apparent boost to morale or social well-being.
 Research shows those who strive for the most wealth
  tend to have lower sense of well-being.
So, just how many emotions are
there?
 Izard says 10: joy, interest/excitement, surprise,
  sadness, anger, disgust, contempt, fear, shame, and
  guilt.
 Others say to include love, but Izard feel love is a
  combination of joy and interest.
                       FEAR
 People can learn to fear almost anything through
  observation or through experience.
 There are some things we are genetically predisposed
  to more easily learn to fear (spiders vs. flowers)
 Phobias are fears beyond the normal range.
 Some people express fear below a normal range such as
  adventurers and sociopaths.
                       ANGER
 Is expressing anger constructive or destructive?
 The catharsis theory believes it is constructive. It
  allows for emotional release BUT
 Research shows the expression of anger often breeds
  more anger (though a temporary calmness may
  immediately follow).
                       ANGER
 How should be handle anger?
   Wait for arousal to decrease.
   Deal with it in a way that does not lead to chronic anger
    or passive sulking; rehearse your reasons
   Express grievances in ways that promote reconciliation
    not retaliation.
   Ignore the trivial but express the significant.
                  HAPPINESS
 Psychology has focused less on happiness that sadness
  (for obvious reasons) but there is a push for more
  positive research.
 Feel Good Do Good Phenomenon
 Emotional highs and lows tend to balance
                 HAPPINESS
 Adaption-Level Phenomenon: tendency to judge
 various stimuli relative to those we have previously
 experienced (ex: computer speed satisfaction, cell
 phone capabilities)
 This concept helps explain why material wants are
 insatiable.

“LUCKY” magazine just made me unhappy….
                  HAPPINESS
• Relative Deprivation Principle: sense that we are
  worse off than others whom we compare ourselves
  (ex: Canseco’s $4.7 million vs. Henderson’s $3 million)

“There will always be someone better than you.”

“I cried because I had no shoes, until I met a man with
   no feet.”
Relative deprivation principle
p. 486 The effect of comparison with others helps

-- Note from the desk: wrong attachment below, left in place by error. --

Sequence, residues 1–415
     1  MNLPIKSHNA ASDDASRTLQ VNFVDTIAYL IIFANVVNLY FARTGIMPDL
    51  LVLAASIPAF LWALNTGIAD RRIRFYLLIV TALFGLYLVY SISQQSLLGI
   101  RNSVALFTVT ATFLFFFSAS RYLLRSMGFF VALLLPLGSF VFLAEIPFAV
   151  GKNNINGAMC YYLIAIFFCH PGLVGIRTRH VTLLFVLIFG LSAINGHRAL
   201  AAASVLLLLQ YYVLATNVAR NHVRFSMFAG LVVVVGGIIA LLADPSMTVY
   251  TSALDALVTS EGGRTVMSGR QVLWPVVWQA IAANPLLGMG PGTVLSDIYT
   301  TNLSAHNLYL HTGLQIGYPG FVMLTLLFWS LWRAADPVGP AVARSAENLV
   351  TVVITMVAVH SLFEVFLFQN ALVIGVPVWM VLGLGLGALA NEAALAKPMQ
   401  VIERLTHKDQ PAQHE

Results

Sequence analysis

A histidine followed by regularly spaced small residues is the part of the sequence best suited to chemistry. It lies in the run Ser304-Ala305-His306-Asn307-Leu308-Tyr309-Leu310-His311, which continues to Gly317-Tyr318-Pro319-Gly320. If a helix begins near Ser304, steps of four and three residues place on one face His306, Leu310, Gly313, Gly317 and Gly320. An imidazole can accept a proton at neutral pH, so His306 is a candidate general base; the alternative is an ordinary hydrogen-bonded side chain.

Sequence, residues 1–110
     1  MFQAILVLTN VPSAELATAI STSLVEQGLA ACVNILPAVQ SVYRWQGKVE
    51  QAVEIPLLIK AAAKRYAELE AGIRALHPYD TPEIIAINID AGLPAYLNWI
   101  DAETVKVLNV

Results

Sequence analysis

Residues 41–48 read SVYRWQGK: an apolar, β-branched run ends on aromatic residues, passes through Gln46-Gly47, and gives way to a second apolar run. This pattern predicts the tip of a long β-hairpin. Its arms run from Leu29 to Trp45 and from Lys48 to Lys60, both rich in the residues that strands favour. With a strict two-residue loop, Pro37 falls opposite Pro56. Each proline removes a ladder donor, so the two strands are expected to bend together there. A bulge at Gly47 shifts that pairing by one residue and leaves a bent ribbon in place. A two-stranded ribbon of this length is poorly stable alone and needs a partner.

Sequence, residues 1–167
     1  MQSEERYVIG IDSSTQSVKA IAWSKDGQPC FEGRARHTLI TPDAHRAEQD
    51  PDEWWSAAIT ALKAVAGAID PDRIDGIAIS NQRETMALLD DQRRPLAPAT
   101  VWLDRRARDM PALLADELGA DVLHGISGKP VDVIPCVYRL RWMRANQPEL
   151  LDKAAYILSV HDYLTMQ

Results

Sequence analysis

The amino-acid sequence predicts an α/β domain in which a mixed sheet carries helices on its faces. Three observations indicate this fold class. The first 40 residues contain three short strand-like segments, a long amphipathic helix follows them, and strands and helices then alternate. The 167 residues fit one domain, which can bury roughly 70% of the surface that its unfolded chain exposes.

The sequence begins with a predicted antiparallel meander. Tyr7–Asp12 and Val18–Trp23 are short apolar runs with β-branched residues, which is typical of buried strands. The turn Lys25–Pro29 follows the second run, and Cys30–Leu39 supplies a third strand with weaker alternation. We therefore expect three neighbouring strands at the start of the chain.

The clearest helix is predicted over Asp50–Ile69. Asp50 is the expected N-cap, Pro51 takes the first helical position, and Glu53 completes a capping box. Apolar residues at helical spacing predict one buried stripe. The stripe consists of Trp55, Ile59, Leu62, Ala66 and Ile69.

explain why students of a given level of academic
  ability tend to have a higher academic self-concept if
  they attend a school where most other students are not
  exceptionally able. (Marsh & Parker, 1984). If you
  were near the top of your class in high school, you
  might feel inferior upon entering a college where
  everyone was near the top of their class.
HAPPINESS IS RELATED         HAPPINESS IS NOT
  TO:                          RELATED TO:
 High self-esteem            Age
 Optimistic, out going,      Gender
  agreeable                   Levels of education
 Close friendships and/or    Parenthood
  satisfying marriage         Physical attractiveness
 Work and leisure that
  engage skills
 Meaningful religious
  faith
 Sleep well
 exercise
STRESS
 STRESS is the process by which we appraise and cope
  with environmental threats and challenges.
 Lazarus noted stress arises less from events themselves
  but from how we appraise those events.
 Adversity leading to stress can often have positive
  outcomes (stronger person emotionally).
 BUT severe and prolonged exposure to stress can have
  life altering effects!!!
   Post traumatic stress disorder and suicide
   Abused children showed increased chance of chronic
    disease later in life
RESPONSE TO STRESS
 Cannon’s research stress is a mind-body response:
    Release of epinephrine & norepinephrine
    Increase heart rate and respiration
    Decrease digestion process
    Fight or flight response
 General Adaptation Syndrome (Selye)
    Phase 1: ALARM (mobilize resources)
    Phase 2: RESISTANCE (cope with stressor)
    Phase 3: EXHAUSTION (depletion of resources)
 HOW DO YOU MANAGE STRESS??